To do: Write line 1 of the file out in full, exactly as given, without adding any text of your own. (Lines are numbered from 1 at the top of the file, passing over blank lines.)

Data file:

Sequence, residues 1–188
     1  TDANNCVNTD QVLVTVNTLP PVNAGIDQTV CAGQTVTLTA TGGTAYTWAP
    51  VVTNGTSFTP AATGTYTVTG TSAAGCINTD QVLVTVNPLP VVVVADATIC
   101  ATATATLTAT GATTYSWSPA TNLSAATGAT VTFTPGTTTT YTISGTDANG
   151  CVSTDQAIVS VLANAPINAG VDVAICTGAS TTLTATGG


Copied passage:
Sequence, residues 1–188